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MAI, in partnership with Research for Action (RFA), commissioned by the Wallace Foundation, summarized the evidence on the effectiveness of out of school time programs within the context of the Every Student Succeeds Act. "Afterschool Programs: A Review of Evidence Under the Every Student Succeeds Act," reviews research from 2000 to 2017 and finds 128 afterschool programs with research that meets the requirements of ESSA’s top three tiers. Download the final report here!

Education & STEAM

ReadNYC
Funder: United Way of New York City (UWNYC) 
Project Time Period: 2018-Present

Project Category: Collective Impact/Education & STEAM/Mentoring/Out-of-School-Time/Formative Evaluation

About ReadNYC: ReadNYC is the United Way of New York City’s (UWNYC) signature Collective Impact initiative, which is based on the National Campaign for Grade Level Reading. The goal of ReadNYC is to dramatically increase literacy rates among children in neighborhoods of concentrated poverty in NYC. ReadNYC employs a strategy which programs and services that are designed for both families and children. It also works directly with teachers and principals in children’s schools. All in all, the ReadNYC pilot in Mott Haven is a collaboration between UWNYC, East Side House Settlement’s (ESH) early learning centers, five public schools, and key community partners, including community-based organizations (CBOs), and ReadNYC students and families.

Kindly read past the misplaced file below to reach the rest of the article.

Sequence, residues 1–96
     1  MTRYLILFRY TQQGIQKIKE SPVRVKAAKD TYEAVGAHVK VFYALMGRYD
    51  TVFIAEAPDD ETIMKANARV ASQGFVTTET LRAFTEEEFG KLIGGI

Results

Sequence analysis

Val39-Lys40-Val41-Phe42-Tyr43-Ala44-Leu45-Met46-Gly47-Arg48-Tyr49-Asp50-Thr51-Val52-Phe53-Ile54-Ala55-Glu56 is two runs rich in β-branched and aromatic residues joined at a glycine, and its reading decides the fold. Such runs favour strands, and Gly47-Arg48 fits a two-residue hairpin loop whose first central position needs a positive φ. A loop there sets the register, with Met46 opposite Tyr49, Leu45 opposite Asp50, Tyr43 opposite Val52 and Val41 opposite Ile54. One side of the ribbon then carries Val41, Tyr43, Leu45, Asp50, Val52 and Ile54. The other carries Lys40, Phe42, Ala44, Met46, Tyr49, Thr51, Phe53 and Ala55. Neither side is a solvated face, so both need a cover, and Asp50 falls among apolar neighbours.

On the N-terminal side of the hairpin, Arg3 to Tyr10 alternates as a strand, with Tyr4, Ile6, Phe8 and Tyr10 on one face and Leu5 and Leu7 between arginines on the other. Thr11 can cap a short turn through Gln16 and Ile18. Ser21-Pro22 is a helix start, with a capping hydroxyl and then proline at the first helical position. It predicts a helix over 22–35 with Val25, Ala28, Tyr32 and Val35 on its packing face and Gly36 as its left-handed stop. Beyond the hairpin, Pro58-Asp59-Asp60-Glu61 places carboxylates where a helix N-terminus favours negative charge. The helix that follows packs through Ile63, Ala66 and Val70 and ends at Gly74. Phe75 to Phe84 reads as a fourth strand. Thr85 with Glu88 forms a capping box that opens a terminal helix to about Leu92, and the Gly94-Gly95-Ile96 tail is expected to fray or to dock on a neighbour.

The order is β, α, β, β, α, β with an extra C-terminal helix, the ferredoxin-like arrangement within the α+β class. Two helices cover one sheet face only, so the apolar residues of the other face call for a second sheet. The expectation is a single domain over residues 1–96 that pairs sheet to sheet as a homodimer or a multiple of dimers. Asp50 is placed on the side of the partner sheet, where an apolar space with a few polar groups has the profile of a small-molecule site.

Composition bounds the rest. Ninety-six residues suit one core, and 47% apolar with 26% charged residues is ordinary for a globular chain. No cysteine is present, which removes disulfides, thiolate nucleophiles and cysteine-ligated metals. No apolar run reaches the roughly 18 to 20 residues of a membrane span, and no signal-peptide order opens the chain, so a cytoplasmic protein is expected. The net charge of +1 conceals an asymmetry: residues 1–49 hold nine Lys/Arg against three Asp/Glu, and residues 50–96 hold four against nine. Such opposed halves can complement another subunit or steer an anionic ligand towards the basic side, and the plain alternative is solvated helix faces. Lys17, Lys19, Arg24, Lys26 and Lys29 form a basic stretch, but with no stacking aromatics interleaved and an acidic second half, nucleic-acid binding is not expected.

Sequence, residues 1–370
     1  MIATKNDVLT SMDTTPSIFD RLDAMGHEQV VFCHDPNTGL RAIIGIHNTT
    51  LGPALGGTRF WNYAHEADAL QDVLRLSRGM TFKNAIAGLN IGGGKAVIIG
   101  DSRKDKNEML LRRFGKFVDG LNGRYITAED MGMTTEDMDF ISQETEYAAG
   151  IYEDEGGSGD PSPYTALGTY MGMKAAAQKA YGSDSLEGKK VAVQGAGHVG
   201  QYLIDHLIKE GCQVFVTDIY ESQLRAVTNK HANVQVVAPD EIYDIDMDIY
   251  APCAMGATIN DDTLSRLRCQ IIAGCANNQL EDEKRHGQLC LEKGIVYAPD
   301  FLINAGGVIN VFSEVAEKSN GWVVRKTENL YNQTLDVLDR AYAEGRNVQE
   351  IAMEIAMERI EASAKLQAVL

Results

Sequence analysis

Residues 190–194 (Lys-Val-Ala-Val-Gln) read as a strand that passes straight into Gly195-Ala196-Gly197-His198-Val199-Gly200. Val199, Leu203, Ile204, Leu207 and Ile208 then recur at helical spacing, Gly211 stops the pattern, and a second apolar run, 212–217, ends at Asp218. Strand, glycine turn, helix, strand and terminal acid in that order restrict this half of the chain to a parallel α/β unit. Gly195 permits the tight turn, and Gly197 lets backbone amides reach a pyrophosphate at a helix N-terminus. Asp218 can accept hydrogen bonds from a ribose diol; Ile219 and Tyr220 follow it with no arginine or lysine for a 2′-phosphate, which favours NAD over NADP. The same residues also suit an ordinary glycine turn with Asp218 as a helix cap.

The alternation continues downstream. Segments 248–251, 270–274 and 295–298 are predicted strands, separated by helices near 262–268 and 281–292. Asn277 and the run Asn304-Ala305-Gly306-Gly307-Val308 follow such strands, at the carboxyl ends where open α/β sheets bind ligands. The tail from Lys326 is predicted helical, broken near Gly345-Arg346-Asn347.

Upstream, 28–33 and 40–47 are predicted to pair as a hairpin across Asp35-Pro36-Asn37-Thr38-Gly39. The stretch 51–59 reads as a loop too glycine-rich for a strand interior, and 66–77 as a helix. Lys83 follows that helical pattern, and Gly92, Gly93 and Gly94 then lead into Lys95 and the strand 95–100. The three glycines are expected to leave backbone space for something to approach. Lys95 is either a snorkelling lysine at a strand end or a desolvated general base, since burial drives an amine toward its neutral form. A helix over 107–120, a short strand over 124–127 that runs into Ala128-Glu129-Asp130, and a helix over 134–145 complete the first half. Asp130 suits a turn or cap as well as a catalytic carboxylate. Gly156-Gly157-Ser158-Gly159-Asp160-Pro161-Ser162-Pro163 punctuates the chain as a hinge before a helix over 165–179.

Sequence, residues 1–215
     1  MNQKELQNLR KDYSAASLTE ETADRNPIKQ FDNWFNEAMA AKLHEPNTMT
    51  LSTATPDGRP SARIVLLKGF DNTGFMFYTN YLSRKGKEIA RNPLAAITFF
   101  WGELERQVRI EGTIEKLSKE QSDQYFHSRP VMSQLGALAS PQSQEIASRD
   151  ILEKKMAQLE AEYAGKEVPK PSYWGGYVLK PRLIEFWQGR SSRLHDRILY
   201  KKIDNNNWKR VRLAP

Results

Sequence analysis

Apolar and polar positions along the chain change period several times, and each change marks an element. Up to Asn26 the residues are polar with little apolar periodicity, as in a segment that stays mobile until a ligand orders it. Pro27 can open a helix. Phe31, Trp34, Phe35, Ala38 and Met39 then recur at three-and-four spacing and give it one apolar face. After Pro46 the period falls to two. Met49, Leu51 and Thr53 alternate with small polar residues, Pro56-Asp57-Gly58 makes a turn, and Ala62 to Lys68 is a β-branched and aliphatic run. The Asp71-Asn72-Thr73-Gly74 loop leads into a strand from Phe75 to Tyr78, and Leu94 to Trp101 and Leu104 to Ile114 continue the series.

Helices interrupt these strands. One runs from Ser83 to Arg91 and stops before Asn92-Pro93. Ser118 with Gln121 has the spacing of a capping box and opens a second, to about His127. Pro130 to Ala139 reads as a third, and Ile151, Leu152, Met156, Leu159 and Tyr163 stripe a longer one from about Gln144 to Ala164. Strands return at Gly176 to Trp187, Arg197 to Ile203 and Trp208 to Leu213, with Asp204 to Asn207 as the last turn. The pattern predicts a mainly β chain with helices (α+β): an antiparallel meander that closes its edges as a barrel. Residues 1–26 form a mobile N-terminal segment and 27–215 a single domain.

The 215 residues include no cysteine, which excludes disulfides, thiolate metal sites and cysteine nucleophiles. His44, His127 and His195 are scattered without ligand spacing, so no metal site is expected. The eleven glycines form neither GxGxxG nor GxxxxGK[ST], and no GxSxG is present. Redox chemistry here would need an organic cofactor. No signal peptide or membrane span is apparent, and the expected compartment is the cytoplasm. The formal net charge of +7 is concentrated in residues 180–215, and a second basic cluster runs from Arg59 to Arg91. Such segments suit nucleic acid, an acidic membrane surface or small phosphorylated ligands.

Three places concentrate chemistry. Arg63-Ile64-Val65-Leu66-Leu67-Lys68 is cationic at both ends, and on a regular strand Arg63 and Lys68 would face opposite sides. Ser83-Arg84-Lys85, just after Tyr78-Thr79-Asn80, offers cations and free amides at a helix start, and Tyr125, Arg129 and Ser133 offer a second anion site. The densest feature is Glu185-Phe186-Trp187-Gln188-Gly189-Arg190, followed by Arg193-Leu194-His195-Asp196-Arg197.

The Work: The UWNYC commissioned MAI to implement a case study, a research method which incorporates multiple data sources to provide a comprehensive description of multifaceted research phenomena in real-life contexts. This case study was designed to help UWNYC focus the supports it provides to ReadNYC. Backbone organizations, like UWNYC, can play many roles in collective impact initiatives: they are conveners, data collectors, marketers, fundraisers, advocates, and more. This assessment explored the extent to which the UWNYC has been effective in its efforts, and identifies ways to expand its effectiveness through a series of recommendations. 

What We Learned: ReadNYC is perceived by its stakeholders as an initiative that is contributing to improved outcomes for students, families, and educators, including building an equity mindset. Many interviewees agreed that one of ReadNYC’s most significant achievements to-date is the recognizable shift in student’s proficiency—both academically and social-emotionally, and through ReadNYC, parents have an avenue to empowerment. Overall, interviewees shared that community members, community-based organizations, school-based staff, and volunteers have been mobilized around the overarching goals of ReadNYC and that effective collaborations have been formed. What’s more, interviewees perceive UWNYC’s local campaign around grade-level reading as helping to raise awareness amongst government, business, and the community. Forging school-community partnerships and the ability to “double down” on cultural relevance is considered a major benefit to being a ReadNYC partner, and is considered a key to impacting broader systems change.